That Navy Seal dog was beyond belief. Bella loved her job and was like a unit commander at times, making it clear when she knew what had to be done right at that moment. She was taught how to climb up ladders, then taught herself how to descend them. She jumped out of helicopters SOLO, watching for hand signals to the whole jump team. A ground person caught her as landed to protect her leg (she had a bullet proof vest on, and a full backpack to bring to ground. She assigned herself to watch a captured combatant being transported by helicopter, apparently making it clear she’d shove him out the open door if he tried anything. She swam UNDERwater for lengthy periods, openly defied the teams native guide re when to leave the river and take a path in. Her team went with her decision, float/swimming another half mile to a path she zig zapped on, avoiding traps. No one hurt. The first path was a bomb laden trap the guide was in on.
Once She led the team through a dangerous village, they went into a bldg where their target supposedly was, against her signals to them not to go in. It was an ambush of firepower. She, on her own, positioned herself behind them to protect their rear. A man appeared at the rear. When the gunfight ended, they looked for Bella and found her pinning their target down, holding his arm in her teeth so he couldn’t fire the machine gun he had. He’d planned a rear ambush. No one told her to watch their back, or to identify and control an attacker; she just knew, always. She also found an enemy massive weapon and ammo stash, which had been buried over 10′ deep. The enemy started trying to shoot the dogs, because of their effectiveness. A sniper almost a mile away shot her, unfortunately not where the bullet shield covered her. Her team saw she’d been hit, but she was already running down the road, toward the sniper location. The team ran after her. They caught up with her; she’d found him and was holding his arm on the ground and he was going no where. So many more things she did; saved hundreds of lives, often acting independently when her handler was fighting with the enemy. She figured out what to to help, and did it.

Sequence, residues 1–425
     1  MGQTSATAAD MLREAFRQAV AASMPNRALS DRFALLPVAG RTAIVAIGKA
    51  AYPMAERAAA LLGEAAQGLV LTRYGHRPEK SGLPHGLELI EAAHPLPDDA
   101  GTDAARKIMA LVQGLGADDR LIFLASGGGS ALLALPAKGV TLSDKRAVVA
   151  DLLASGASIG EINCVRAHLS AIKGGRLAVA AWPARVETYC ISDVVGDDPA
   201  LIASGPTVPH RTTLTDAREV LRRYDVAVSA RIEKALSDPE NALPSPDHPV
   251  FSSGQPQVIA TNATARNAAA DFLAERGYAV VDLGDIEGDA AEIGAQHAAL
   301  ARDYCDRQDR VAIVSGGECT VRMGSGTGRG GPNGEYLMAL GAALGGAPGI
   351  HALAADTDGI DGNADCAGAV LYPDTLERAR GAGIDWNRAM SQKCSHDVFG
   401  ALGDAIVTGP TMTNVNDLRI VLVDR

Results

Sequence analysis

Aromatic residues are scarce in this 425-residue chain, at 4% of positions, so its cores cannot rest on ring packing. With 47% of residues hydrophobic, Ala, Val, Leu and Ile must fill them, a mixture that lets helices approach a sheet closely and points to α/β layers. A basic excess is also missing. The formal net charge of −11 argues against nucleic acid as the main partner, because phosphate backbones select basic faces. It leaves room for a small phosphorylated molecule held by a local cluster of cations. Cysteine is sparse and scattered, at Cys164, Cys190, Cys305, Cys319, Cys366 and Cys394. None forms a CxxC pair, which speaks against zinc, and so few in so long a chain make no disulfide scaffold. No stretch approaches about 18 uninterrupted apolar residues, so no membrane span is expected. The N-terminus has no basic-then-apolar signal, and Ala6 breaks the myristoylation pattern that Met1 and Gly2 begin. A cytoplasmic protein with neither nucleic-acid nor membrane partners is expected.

When she retired after the sniper hit, she was flown to DC.. ..and was given the honor duty to check Air Force One, inside and out. When she arrived at her new home, chosen by her handler, her arrival at that airport was not nap time to her. She was a working dog who loved it. She alerted re a man needing to be checked; he was found with a backpack of drugs and a weapon. No one told her to do this. Over the years, Navy Seal men would come to visit her and she was visibly relieved to see them. She was part of the team and seemed glad they were alive and OK. Her new family had to go overseas for a big mtg with Russian business people. Bella went for walks with the lady. One day she alerted of danger. The woman talked with hand movements to let them know the dog had seen something. They took it seriously and found a man in black and a ski mask, heavily armed with weapons and bombs, and then another one. Apparently at that time Russia was hosting a world Special Forces training event. The men were there to kill as many of them as possible.. ..hundreds saved. Upon leaving, she was given honors by the lead officer in that far off region. Back at home, she alerted there was a car with a wheel filled with drugs. When police arrived, she relinquished her duty and sauntered off. The training center for Navy Seal dogs decided to bring a young dog to her to see if he could learn anything from her. She somehow decided she would do this, with no one to tell her to or what to do. She trained him to track, surveille, alert people to a problem or situation, guard, how to teach the young dog to climb.. ..ladders, to check homes, vehicles, areas for dangers. She couldn’t teach him everything, but the amount she DID teach him was amazing. No one abused this dog. They and service animals of all types love their families and are loved back. Bella got out of combat duty after being wounded because her team managed to arrange to get her retired and out of there; she was too well known for her abilities and ruination of enemy plans. Her team knew she was a top level target.

I hope that anyone with mental health issues and harms them will have to relinquish the dog.

Well Vic, that was a very long reply, which went all around the mulberry bush and AVOIDED what both you and I know. Service dogs are abused, and K9s, are hanged, kicked, helicoptered, and subjected to other various other cruel “techniques.” And K9s are kept in crates or kennels when not in use or on the “training” field.

I have not only heard all the lies, I’ve caught departments and handlers in those lies, starting with the department where I worked. I have confirmation that this is from the military, and have had conversations with soldiers. I know the script by heart. It’s still a mystery to me why the abusers go to such lengths to cover up what they do, but I guess there are all kinds of people on this planet.